Parler Share

MLB To Start Experimenting with Robot Umpires

Parler Share

Major pro sports are, by their very nature, resistant to making radical changes to the way the game is played, since doing so risks upsetting purist fans, making it more difficult to compare players across eras, or just plain fixing what isn’t broken.

But in recent years, sports have been using preseason and minor league games to test a variety of rule changes that, when they prove to be beneficial to both the competitiveness and the entertainment value of the game, soon find themselves implemented and “part of the game” at the top level.

Major League Baseball has partnered with the independent minor Atlantic League to test such innovations, and one of them could result in another American job lost to automation.

That’s right — baseball is testing out robot plate umpires.

MLB announced Friday that coming soon to a baseball field near you, a new TrackMan radar system, similar to the PITCHF/x system used by TV broadcasts and statisticians since 2006, will be used to judge balls and strikes.

Is the Obama Foundation Storing Classified Docs Inside a Former Furniture Warehouse? Read This Letter

Gone will be the days of the amorphous strike zone that looks more like a gerrymandered congressional district than a rectangle.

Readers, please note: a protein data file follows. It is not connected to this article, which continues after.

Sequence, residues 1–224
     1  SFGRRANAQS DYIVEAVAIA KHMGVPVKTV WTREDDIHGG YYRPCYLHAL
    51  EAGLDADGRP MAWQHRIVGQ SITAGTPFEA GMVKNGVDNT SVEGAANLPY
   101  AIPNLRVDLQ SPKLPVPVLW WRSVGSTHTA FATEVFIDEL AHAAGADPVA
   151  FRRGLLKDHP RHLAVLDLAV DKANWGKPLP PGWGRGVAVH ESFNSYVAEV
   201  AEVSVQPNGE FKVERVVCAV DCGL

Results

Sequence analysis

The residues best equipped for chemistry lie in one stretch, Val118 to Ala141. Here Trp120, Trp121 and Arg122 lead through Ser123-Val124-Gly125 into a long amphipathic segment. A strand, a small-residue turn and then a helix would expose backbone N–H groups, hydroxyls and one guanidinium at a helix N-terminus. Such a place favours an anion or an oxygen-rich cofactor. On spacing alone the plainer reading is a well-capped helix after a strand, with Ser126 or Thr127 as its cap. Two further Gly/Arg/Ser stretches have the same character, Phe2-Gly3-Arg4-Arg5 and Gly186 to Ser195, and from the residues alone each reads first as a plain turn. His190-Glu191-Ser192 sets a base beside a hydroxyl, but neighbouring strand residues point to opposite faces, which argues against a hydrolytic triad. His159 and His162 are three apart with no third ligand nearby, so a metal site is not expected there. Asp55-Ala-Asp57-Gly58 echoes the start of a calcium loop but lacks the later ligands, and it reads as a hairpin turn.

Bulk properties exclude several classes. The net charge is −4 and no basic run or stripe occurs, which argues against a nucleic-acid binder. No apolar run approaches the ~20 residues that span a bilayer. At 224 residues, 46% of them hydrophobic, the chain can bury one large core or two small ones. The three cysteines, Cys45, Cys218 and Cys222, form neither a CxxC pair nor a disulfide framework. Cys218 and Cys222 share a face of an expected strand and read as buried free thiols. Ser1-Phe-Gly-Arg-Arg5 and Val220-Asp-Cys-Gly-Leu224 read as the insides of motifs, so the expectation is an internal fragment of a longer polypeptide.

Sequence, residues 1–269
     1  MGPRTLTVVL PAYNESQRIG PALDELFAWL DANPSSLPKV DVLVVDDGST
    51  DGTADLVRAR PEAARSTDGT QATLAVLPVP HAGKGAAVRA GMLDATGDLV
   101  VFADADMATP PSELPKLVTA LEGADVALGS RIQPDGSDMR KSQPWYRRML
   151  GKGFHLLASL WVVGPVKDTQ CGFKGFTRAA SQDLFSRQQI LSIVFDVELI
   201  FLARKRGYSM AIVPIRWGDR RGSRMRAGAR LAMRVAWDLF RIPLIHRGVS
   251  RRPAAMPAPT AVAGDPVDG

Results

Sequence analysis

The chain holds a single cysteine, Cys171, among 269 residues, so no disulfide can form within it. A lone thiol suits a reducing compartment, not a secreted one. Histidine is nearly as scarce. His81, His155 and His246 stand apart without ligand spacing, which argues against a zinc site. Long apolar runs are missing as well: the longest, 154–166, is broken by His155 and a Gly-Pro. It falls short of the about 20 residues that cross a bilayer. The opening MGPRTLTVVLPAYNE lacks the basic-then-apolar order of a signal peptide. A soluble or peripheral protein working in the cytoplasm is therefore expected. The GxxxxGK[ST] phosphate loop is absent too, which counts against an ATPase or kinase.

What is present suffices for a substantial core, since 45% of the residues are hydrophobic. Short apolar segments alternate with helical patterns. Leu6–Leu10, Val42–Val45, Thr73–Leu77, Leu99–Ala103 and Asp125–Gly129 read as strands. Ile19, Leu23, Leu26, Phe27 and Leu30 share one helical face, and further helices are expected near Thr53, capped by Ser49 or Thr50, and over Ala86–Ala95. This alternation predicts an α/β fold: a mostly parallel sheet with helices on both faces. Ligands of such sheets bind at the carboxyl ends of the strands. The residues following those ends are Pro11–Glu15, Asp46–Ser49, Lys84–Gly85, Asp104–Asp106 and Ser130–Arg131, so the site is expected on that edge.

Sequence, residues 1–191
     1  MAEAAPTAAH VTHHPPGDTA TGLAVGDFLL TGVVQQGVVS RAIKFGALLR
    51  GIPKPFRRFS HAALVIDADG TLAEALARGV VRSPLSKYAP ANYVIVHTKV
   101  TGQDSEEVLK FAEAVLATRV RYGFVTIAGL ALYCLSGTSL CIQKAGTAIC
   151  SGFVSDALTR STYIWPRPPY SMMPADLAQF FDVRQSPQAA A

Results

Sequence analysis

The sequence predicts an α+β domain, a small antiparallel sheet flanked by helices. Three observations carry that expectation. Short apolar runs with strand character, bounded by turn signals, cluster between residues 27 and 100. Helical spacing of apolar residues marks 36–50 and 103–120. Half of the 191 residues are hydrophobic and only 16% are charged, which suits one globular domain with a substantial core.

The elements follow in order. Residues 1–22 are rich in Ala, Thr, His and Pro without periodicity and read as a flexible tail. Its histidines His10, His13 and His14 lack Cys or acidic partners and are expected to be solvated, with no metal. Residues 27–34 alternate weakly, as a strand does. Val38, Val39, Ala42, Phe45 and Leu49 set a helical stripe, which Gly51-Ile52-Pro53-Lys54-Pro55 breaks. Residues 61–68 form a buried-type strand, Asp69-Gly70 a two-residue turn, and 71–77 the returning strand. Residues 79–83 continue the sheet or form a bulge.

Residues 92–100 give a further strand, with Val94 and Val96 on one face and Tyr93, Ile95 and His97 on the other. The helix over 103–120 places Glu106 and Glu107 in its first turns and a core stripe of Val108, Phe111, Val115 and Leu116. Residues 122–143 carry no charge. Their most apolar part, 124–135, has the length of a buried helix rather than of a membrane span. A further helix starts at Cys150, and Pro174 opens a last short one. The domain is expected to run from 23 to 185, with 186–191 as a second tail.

Besides umpires, whose professional pride is predictably damaged by the notion of robot replacements, one other group is raising objections: catchers.

Cubs outfielder and occasional catcher Kyle Schwarber offered his take on the threat robots pose to the dark arts practiced beneath a mask and chest protector behind home plate during an appearance Tuesday on the “Bernstein and McKnight Show” on WSCR-AM in Chicago.

“I feel like the art of catching will go away there,” Schwarber said. “I think catching is an art. You have to be able to read pitches, get under them, get around them, things like that. But then once, if that computer strike zone comes in, that’s going to go away. A catcher can just sit on a chair back there and just catch it wherever it’s at.”

Should MLB look to automate more umpiring tasks?

On the other hand, not having to frame the pitch might lead to fewer passed balls, so every cloud does indeed have a silver lining.

Robot umps aren’t the only change coming to baseball, at least not if the Atlantic League experiments all bear fruit.

For one thing, the league is also going to move the pitcher’s mound back two feet, to 62 feet 6 inches. On the one hand that ruins the symmetry of a baseball field — the mound will no longer be cleanly lined up between first and third base the way it’s been since the distance was standardized in 1893 — but on the other hand it means the batters will have a split second longer to read and react to a pitch, which is likely to increase the number of balls in play and cut down on strikeouts.

Strikeouts, walks and home runs — the “three true outcomes” in modern baseball parlance since they involve only the pitcher, the catcher and the batter — cause some fans to complain (maybe not so much about the home runs) because it basically means seven guys on the baseball field can stand around and pick dandelions like they’re bored kids in Little League. Balls in play that stay in the ballpark mean there is action happening among the fielders.

The Atlantic League will also be the test bed for banning the infamous “shift,” where at times all four infielders behind the pitcher would stand to the right of second base to field batted balls from left-handed pull hitters.